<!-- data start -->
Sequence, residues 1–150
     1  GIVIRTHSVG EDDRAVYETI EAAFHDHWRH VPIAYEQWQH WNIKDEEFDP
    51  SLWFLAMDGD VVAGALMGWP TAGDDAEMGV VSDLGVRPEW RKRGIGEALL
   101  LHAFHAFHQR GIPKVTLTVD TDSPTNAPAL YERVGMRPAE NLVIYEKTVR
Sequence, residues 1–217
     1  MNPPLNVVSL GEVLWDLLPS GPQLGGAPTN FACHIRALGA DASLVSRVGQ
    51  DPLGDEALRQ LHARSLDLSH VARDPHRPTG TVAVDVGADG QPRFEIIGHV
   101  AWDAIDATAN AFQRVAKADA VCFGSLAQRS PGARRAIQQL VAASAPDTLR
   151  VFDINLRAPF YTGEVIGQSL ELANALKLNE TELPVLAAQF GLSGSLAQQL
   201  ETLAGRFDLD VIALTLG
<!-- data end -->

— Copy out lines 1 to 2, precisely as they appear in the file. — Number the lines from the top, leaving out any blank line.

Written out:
Sequence, residues 1–150
     1  GIVIRTHSVG EDDRAVYETI EAAFHDHWRH VPIAYEQWQH WNIKDEEFDP